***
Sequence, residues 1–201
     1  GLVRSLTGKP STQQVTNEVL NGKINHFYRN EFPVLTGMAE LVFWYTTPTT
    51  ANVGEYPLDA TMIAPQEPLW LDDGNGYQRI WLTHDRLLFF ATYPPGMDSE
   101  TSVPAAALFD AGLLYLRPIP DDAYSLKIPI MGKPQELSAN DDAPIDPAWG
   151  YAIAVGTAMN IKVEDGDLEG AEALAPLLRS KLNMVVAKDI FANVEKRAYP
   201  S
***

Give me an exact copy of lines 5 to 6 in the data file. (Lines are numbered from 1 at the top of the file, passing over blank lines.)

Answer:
   151  YAIAVGTAMN IKVEDGDLEG AEALAPLLRS KLNMVVAKDI FANVEKRAYP
   201  S